If you’re wondering how Edmonton’s legal system works, here’s everything there is to know about the ins and outs of the province’s court system.
Note that this article is meant to explore and provide an overview of the province’s court system, and is not meant to take the place of any legal advice from lawyers.
The Three Levels of Courts
Edmonton’s legal system takes after the province of Alberta’s legal system, which includes three levels of courts. These are:
- Provincial Court
- Court of Queen’s Bench
- Court of Appeal
There is also the Federal Court, which handles matters outside of Alberta’s territorial jurisdiction. We’ll discuss this further in a bit.
The Provincial Court
First we talk about Alberta’s Provincial Court. This court can be found in most major towns and cities in Alberta including Edmonton, its capital.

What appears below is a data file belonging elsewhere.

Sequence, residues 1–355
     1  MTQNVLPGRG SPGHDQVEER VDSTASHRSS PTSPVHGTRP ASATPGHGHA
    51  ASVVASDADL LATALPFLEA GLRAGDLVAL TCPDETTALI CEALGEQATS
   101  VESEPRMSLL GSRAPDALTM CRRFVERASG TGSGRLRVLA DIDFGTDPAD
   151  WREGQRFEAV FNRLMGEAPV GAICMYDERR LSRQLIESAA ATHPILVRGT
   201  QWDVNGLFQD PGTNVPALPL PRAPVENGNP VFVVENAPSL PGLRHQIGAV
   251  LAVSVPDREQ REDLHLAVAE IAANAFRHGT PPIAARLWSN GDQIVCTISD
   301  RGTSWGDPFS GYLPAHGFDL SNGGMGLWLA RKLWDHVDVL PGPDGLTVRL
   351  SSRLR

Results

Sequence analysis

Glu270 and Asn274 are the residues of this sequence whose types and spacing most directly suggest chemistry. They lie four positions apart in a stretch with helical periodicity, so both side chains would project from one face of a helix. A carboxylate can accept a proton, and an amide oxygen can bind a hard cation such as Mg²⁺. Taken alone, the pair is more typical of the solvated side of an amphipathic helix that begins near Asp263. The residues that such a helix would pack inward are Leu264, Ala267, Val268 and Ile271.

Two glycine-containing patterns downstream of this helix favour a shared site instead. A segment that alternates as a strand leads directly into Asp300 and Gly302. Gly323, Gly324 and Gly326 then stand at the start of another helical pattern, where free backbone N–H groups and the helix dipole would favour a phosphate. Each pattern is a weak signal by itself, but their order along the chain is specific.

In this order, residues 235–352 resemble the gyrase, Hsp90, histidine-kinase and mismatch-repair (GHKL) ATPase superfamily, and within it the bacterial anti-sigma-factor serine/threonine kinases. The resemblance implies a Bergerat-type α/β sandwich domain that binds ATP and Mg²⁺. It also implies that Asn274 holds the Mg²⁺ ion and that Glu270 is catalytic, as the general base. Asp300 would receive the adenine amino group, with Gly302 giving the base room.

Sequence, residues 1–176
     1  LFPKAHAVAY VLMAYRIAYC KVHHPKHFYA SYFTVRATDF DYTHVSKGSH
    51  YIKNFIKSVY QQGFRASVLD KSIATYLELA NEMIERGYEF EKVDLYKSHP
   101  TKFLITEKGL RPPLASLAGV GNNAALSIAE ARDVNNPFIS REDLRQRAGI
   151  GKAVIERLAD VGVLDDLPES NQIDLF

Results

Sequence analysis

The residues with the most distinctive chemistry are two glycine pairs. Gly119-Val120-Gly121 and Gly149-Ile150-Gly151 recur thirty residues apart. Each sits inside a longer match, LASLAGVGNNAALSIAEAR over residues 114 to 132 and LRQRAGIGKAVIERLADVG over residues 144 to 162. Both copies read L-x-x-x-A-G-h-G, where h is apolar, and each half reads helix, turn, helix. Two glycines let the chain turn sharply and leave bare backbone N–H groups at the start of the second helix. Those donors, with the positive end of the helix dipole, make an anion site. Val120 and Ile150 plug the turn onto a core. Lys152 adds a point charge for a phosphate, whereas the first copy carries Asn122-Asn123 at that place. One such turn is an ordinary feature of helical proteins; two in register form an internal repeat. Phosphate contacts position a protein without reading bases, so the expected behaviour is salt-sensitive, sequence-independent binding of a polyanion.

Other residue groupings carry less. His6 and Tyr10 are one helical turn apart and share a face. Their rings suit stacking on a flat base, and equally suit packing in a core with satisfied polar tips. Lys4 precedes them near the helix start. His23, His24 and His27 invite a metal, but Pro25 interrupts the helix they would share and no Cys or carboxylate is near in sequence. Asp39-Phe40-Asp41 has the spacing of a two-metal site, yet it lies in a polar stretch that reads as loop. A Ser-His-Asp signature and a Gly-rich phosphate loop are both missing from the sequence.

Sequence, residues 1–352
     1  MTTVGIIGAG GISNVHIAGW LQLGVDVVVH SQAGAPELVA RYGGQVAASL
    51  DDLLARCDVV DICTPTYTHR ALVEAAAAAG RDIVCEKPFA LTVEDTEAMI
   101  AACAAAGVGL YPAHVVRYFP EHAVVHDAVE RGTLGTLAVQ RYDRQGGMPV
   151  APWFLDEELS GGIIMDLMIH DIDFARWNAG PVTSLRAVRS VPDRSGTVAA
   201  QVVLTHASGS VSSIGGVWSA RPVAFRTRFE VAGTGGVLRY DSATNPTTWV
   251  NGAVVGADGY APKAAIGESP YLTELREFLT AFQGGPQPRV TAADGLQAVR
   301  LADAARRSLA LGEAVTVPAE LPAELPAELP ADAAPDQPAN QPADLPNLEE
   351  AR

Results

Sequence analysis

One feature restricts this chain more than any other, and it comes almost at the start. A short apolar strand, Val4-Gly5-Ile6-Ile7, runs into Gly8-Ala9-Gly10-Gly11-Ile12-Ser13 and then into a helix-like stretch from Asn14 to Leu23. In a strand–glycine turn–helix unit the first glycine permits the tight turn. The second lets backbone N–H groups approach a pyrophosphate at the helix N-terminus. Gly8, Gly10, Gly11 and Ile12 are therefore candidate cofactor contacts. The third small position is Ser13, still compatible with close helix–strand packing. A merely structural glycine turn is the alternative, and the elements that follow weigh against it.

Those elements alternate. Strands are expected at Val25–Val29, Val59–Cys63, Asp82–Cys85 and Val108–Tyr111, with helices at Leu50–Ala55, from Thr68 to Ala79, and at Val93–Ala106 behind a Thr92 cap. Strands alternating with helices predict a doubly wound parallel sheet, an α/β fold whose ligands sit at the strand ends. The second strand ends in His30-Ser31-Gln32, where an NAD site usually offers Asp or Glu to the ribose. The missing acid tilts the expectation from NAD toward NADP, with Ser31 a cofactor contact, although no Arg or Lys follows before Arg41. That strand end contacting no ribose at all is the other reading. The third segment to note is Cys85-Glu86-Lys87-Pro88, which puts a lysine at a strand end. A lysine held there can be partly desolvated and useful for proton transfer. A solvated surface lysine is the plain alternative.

All Divisions of Provincial Court can be found in major cities, with locations for smaller centers regularly on rotation as part of a circuit.
The Court of Queen’s Bench
The Court of Queen’s Bench is the superior Court in the entire province of Alberta. It handles more serious offenses such as murder, or any civil and criminal case that is considered to be outside of the jurisdiction of Provincial Court.
In the Court of Queen’s Bench, only a lawyer is allowed to represent, unlike the Provincial Court where both a lawyer or an agent is allowed.
In lieu of any legal counsel, a person may still choose to represent themselves in both Provincial Court and the Court of Queen’s Bench.
However, in more serious circumstances, the court may sometimes advise an individual against having themselves as their own legal representation and get a lawyer instead.
There are a lot of great lawyers around Edmonton offering their services in various areas of focus, such as:
- bankruptcy lawyers,
- personal injury lawyers,